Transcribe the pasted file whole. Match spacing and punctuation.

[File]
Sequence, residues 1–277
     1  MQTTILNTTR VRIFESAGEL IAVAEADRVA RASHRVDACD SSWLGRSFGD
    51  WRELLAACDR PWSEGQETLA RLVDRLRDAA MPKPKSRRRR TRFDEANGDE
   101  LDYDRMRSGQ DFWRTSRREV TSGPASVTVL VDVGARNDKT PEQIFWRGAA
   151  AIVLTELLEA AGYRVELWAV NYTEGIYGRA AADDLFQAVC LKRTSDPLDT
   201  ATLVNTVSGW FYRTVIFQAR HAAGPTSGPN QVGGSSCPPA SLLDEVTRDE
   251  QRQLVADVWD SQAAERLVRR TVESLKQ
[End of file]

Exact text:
Sequence, residues 1–277
     1  MQTTILNTTR VRIFESAGEL IAVAEADRVA RASHRVDACD SSWLGRSFGD
    51  WRELLAACDR PWSEGQETLA RLVDRLRDAA MPKPKSRRRR TRFDEANGDE
   101  LDYDRMRSGQ DFWRTSRREV TSGPASVTVL VDVGARNDKT PEQIFWRGAA
   151  AIVLTELLEA AGYRVELWAV NYTEGIYGRA AADDLFQAVC LKRTSDPLDT
   201  ATLVNTVSGW FYRTVIFQAR HAAGPTSGPN QVGGSSCPPA SLLDEVTRDE
   251  QRQLVADVWD SQAAERLVRR TVESLKQ